Transport Agency failed over WoFs and licences
Transport industry leaders have repeatedly raised concerns that the system for certifying warrants of fitness and driver licences is flawed.
Transport Minister Phil Twyford and the Transport Agency announced on Monday they could not be sure that all the cars on our roads meet safety standards, after discovering some companies that certify vehicles and transport operators did not comply with the agency’s standards.
The certification process affects everything from companies issuing warrants of fitness to people who operate passenger services.
There are currently 850 “open compliance files” relating to the certification of businesses that have raised concern, some dating back years.
NZTA said there was no way of knowing how many vehicles were affected. One “open file” could refer to a local garage, which certifies a small number of vehicles, or a large company which deals with hundreds.
Clive Matthew-Wilson, editor of the car review website dogandlemon.com told Newsroom the spate of heavy vehicle accidents could be blamed on NZTA’s poor performance under the previous government.
"The recent fatal accidents involving buses are highly likely to be the direct result of the previous government's reluctance to enforce vehicle safety regulations,” he said.
He said that government viewed regulations “as an unnecessary waste of money or an obstruction to business”.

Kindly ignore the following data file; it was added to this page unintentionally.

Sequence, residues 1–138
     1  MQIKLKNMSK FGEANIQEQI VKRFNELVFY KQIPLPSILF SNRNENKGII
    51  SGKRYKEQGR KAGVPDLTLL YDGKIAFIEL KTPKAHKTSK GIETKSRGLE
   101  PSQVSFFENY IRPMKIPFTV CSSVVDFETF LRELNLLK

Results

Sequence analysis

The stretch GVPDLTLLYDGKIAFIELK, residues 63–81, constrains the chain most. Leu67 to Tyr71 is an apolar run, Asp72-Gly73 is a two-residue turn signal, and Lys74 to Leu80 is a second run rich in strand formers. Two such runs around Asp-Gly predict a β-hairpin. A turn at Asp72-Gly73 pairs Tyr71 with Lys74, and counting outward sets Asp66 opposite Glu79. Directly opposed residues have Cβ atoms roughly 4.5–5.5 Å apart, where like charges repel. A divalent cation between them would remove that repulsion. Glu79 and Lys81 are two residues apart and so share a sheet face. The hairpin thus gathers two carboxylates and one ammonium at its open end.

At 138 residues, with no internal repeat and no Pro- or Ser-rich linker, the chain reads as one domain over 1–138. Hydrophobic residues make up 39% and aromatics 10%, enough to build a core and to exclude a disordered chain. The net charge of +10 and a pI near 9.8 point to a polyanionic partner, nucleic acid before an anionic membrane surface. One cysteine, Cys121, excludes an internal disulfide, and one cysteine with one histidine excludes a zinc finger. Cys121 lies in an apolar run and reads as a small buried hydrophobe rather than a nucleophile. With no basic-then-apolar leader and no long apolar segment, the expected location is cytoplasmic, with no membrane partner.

"[It] actually proposed to allow trucking companies to issue their own safety certificates. That would have meant 40-tonne trucks roaring down the road without any independent inspection at all,” he said.
Ken Shirley of the Road Transport Forum said he had been concerned “for a good number of years”.
“A number of failures have been exposed in NZTA’s compliance regime in recent times and each one of those results in a loss of confidence from road transport operators and the general public in the agency’s ability to carry out its core functions,” he said.
Companies issuing divers licences and operators of transport services will also have their certifications looked at.
The 850 files will be reviewed by law firm Meredith Connell. Companies found not to be compliant will lose their certification, meaning they will no longer be able to operate. It has prioritised 152 files requiring “urgent legal or investigative review”, which it hopes to complete by November.
Twyford expressed his “extreme disappointment” at NZTA, which he said had not fulfilled its role as regulator.
He blamed the issue on “process failures and under-resourcing over the past decade”.
The agency had taken an “education and trust” approach to its role as regulator, offering encouragement and support to those it certified, but rarely clamped down on those who failed to adhere to standards.
“There was an emphasis on education rather than enforcement."
Twyford said this meant the companies being certified often “drove the agenda” rather than NZTA as the regulator.
NZTA chief executive Fergus Gammie agreed the agency had a flawed approach.
“For many years, the NZTA has operated a high-trust, devolved regulatory regime, working with a network of qualified professionals to carry out services and focusing on ongoing education to address issues,” Gammie said.
“It is clear that our approach has not been sufficiently robust to categorically ensure the highest levels of regulatory compliance. The agency has been too reliant on self-regulation and has not devoted enough attention to resource or to ensuring compliance,” he said.
Issues raised in the review related to steps taken when reviewing vehicles, inaccurate logs being kept for drivers and non-adherence to maximum weights.
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